How I Work: Colin Cummins, Brand Content Manager + Head Copywriter

on February 7, 2019

How I Work: Colin Cummins, Brand Content Manager + Head Copywriter

Posted in How I Work
Colin (Left) and his Wife, Tara.

Name: Colin Cummins

Position: Head Copywriter

Hometown: Indianapolis, IN

First of all, tell us a little about your background and how you got to where you are today.

Well, back in college I had a wide variety of interests. I was really into political science, activism, and story-telling. So, after one semester of pre-med classes (my whole family works in medicine), I changed my major so that I could study both Journalism and Political Science.

After college, I was pretty set on going to graduate school for creative writing. So, I managed a coffee shop for a year while working on my writing. After a prolonged case of writer’s block, I took an entry-level job at Angie’s List. That lasted about six months before I left to come to CAIRS, where I could exercise my writing skills. It was a perfect fit.

Take us through an average workday for you.

I wake up at 6:15 am every morning and listen to a podcast while showering and shaving. Usually, it’s the Ringer NFL show or NYT’s The Daily. Then, at 7 am, I wake my wife up, wake the dog up and start the coffee pot. From April to October, I leave around 830am and bike to work. (Sometimes earlier if I want to stop at my favorite coffee shop – Provider – on the way.) If it’s winter, then my Uber drops me off right at 9 am.

The first hour of my day is usually spent replying to email questions and setting up my work schedule for the day. I’ve always responded well to rewards, so I give myself tasks throughout the day and with each completion, I award myself 10 minutes of reading. (I’m a news junkie). So, from about 10:30 am to 5 pm, I’m going through tasks (editing profiles, writing marketing copy, putting out fires, etc) and taking four or five 10-minute breaks to read articles.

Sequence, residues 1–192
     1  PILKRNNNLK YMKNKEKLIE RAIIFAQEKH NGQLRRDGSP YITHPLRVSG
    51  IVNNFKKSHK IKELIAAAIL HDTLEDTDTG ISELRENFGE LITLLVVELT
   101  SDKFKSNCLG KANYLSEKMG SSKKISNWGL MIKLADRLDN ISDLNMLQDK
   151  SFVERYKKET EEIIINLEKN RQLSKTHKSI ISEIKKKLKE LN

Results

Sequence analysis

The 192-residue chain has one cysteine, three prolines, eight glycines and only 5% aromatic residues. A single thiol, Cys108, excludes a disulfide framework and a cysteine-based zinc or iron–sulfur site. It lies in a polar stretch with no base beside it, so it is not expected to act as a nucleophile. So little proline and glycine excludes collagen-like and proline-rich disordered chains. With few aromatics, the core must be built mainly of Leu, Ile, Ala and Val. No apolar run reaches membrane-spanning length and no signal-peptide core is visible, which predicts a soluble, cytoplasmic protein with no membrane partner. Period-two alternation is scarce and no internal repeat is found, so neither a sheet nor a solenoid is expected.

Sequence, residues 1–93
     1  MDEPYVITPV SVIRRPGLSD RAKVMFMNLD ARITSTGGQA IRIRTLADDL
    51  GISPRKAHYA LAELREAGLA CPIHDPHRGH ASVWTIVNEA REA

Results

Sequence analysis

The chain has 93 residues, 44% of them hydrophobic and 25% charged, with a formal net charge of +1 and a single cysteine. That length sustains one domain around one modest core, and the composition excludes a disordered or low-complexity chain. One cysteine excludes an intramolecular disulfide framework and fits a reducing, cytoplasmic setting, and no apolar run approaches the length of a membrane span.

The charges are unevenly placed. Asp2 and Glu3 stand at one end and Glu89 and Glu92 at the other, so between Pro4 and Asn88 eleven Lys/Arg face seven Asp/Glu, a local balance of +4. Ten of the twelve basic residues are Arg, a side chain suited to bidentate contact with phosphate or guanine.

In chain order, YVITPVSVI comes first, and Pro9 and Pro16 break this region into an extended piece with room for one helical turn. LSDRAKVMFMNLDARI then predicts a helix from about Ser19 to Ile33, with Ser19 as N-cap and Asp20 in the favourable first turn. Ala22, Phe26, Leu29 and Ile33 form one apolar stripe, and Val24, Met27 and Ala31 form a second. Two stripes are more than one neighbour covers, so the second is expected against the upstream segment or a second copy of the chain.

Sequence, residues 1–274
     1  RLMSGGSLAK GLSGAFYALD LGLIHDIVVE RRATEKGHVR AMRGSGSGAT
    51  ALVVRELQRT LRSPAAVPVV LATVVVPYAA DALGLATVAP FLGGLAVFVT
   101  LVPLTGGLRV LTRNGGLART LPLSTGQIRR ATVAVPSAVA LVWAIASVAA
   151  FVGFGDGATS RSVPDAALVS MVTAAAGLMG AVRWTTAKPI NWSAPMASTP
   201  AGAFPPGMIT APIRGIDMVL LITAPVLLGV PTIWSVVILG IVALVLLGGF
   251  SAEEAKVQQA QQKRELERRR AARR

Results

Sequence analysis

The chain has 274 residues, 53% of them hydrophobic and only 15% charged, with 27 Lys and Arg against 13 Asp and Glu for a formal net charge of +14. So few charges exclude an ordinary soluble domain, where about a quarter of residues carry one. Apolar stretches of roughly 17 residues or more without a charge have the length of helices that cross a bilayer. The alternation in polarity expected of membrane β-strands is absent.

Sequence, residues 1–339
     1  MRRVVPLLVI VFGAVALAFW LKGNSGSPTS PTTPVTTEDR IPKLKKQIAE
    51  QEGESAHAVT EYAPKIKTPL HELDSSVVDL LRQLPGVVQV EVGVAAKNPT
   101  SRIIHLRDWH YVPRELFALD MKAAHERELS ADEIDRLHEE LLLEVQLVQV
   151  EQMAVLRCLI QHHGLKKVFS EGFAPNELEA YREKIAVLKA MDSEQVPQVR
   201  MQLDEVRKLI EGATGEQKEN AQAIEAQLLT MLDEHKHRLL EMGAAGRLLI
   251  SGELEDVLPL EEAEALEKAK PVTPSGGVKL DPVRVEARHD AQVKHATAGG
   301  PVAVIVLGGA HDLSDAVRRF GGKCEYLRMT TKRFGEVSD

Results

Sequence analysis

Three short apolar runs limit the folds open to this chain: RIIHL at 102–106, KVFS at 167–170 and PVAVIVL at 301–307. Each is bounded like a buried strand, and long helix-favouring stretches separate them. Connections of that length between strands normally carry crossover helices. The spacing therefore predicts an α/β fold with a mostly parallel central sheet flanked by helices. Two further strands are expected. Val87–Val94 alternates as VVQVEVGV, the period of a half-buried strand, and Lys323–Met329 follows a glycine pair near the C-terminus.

What is your workspace setup like? Do you have a picture? It’s okay if it’s a little messy!

I love my workspace. I have my own office at our Creative Center in Indianapolis. It’s furnished with really basic IKEA furniture – which I love! I do all of my work on my Mac Pro and 27’ monitor. My desk is very messy and usually has multiple coffee cups on it. As for pictures, I have three Matisse prints on the walls and a picture of my wife.

What is your best time-saving hack? Or just life hack, in general?

As I mentioned earlier, I’m all about tasks and rewards. I’ve been doing that since college. Back then, I was a smoker. So, I’d reward myself one cigarette per page written. Now, since I’ve quit that nasty habit, I simply give myself time to read an article and it’s just as pleasurable. My whole task-reward thing saves me lots of time because it cuts out my procrastination.

What apps or software do you rely upon on a daily basis?

I love G-Suite, especially docs. It’s basic, I know, but it gets the job done. I also rely on Wunderlist to track my tasks. It’s super easy to use and the design is simple. For reading, I use Flipboard on my phone. I’ve been using it for five years now and cannot fathom getting the news any other way. I also use Grammarly, which I have a love/hate relationship with, but it works!